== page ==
When you head to the iTunes store for that latest Katy Perry magic, do you opt for the $9.99 album or the 99 cent single?
Most of us choose the latter. And that's why, according to Rob Dickens, who headed up Warner Music in the UK for more than decade, album prices must be "radically" slashed—to around £1 ($1.50).
Dickens introduced the controversial theory at The City music conference, where he argued that in order for record labels to combat piracy and boost sales, the music industry must make an album just as impulsive of a buy as a single is today. Lowering album prices, he explained, would spark an exponential increase in sales. Dickens predicts that major albums would sell as much as 200 million copies. (The bestselling album of all time, Michael Jackson's Thriller, sold only half that.)
"What we need is a revolution," he said. "What we've got is an erosion."
The music industry has good reason to be skeptical of Dickens' radical plan. Yes, album sales have dropped dramatically, but they've been replaced by single sales. Why would labels ever replace that steady stream of revenue by the slashing the price of album, which have significantly higher production costs? What would a single cost — one penny?
At the New Music Seminar in July, Tommy Boy Records founder Tom Silverman suggested a different approach for the industry.
"Historically, the price of an album was five times greater than a single," argued Silverman, who believes setting the price of a single at one-tenth of an album's cost was a mistake. Even $1.29 — the top price on iTunes for a single MP3 — is too low, he contends. "It should've been $1.99, and then we would've seen higher digital album sales because it would've been a bigger discount for buying an album." Based on increased revenue from digital album sales, he says, the $9.99 price tag is becoming more reasonable for consumers.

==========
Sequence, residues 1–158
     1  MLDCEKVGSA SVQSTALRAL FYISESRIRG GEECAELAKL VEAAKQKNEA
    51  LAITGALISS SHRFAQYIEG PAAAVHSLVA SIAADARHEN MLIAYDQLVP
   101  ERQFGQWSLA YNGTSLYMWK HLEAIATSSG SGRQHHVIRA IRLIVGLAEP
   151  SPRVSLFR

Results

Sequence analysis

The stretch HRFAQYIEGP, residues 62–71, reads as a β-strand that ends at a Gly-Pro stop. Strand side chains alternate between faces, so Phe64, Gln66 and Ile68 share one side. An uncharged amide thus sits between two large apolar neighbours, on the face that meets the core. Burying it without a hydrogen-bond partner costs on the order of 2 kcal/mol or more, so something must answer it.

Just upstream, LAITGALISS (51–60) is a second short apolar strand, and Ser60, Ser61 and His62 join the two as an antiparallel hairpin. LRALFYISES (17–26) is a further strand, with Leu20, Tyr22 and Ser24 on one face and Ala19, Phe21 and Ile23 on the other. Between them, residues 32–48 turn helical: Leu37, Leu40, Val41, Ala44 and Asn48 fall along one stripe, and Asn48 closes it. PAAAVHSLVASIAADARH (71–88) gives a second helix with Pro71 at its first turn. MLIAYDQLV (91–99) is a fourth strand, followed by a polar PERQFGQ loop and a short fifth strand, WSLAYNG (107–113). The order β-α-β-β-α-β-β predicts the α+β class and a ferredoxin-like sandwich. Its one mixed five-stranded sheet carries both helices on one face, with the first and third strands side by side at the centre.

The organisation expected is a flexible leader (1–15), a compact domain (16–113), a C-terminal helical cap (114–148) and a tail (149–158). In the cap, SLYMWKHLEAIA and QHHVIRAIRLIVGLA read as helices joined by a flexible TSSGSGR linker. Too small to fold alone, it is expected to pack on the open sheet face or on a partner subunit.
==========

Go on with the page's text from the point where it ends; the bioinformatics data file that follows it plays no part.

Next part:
So will we soon be paying 99 cents for an album, or $1.99 for a single? Both Dickens' and Silverman's theories have their merits. But there's another question: whether albums are an outdated concept in the age of iPods and Pandora.
"The music business historically has been built around albums," said Silverman at the conference. "This album-centrism is like saying the sun revolves around the Earth. We don't listen to albums now; we listen to collections of songs."